Themes and Meanings

(Critical Guide to British Fiction)

Afternoon Men is an “anatomy,” a discursive literary form characterized by its intellectual apprehension of its subject matter. No attempt is made here by Powell to create realistic characters or to present realistic human situations. Instead, what the author tries to do is to lay bare a life-style. The themes of the novel are embodied in its very style, for what it is “about” is a laconic search for identity, a jaded attitude toward sexuality, and a general sense of boredom. It is marked by a sense of pessimism and aimlessness that dominates an entire social group.

Although one senses an underlying need by the characters to escape from the vicious circle of this hermetically closed world, none of them, that is, with the exception of the almost mythical Undershaft, who has gone to America, and the opportunistic Susan, who finally runs off with the wealthy Jew Verelst, seems to have the energy to make the break. For whatever reason, these people have ignored whatever possibilities they might have had to lead fulfilling lives and have, by indifference rather than choice, allowed themselves to drift aimlessly with the social current.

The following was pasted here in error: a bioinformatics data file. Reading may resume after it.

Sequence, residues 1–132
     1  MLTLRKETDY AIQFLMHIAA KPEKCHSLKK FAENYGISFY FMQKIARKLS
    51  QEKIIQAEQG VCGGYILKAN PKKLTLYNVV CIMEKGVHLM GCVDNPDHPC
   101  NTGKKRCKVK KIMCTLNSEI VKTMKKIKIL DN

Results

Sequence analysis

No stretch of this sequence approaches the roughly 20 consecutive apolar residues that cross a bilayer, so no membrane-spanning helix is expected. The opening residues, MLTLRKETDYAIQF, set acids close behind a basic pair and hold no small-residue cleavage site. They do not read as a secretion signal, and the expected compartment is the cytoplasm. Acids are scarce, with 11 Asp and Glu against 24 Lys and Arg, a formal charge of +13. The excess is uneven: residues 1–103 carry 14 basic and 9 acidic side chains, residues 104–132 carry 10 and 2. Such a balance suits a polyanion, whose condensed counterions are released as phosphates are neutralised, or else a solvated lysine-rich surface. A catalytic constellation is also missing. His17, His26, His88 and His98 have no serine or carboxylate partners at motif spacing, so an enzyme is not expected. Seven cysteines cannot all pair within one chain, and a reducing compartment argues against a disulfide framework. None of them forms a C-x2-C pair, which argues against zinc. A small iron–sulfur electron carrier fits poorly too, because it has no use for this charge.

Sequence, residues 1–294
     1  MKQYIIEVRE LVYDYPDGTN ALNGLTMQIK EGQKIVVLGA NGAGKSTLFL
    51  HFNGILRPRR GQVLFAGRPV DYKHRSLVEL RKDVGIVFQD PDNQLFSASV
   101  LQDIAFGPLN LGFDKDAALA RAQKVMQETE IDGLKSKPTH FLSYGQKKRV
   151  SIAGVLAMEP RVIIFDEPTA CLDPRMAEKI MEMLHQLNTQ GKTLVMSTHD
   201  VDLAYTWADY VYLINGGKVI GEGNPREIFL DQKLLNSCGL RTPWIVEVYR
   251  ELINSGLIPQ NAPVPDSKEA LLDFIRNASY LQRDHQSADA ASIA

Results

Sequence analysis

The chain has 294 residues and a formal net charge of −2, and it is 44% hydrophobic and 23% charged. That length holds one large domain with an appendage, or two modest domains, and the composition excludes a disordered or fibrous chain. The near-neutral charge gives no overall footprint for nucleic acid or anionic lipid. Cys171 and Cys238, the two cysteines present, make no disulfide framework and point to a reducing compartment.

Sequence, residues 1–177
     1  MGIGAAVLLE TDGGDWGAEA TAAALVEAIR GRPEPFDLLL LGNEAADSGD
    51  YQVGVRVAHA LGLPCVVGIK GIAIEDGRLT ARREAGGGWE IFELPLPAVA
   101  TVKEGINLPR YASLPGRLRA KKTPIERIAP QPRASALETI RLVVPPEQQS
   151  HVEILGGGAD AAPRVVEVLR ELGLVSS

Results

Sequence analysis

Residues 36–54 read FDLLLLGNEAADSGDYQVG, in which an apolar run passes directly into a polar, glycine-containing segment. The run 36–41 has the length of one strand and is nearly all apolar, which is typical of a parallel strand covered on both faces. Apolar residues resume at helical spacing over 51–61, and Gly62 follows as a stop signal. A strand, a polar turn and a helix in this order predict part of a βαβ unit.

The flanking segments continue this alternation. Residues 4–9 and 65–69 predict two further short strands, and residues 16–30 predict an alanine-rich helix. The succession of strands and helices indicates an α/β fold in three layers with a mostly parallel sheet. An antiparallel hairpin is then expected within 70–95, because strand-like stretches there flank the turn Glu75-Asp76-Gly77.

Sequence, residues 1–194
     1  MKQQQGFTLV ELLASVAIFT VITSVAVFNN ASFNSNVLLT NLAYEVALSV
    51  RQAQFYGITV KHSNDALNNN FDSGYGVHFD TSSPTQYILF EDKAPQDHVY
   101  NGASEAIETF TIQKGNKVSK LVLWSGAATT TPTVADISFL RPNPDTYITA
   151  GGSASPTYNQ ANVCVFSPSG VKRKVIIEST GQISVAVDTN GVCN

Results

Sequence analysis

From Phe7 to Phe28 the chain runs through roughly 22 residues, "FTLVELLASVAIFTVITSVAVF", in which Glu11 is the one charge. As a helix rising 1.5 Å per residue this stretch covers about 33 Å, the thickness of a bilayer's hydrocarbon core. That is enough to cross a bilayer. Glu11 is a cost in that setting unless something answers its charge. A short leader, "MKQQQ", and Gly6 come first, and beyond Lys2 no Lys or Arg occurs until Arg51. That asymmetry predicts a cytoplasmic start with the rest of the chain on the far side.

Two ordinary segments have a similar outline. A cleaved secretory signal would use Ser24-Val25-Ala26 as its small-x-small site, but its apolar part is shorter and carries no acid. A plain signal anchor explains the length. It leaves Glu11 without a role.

The one emphatic action in the novel, Pringle’s attempted suicide, is made absurd by the fact that it is accompanied by a lackluster sexual encounter between his mistress and his best friend and because it is followed by the ridiculous return of Pringle with the fishermen who pulled him out of the water. His guests seem less concerned with his welfare than they are with how much they should tip the fishermen.

Throughout this trivia of lives lived in a meaningless and empty way, Powell refuses to judge or to comment directly. Instead, his point of view is distanced, bland, even genial, in its tolerance of the characters. Powell expresses neither moral outrage nor a sense of authorial superiority. Although the work is a satire, for Powell does not align himself with his characters, it is a lightly comic satire, not a bitter, biting one. It is perhaps because the style of the writing is so unified with the laconic and bored life-style of the characters that the work has often been underestimated as being itself boring and aimless.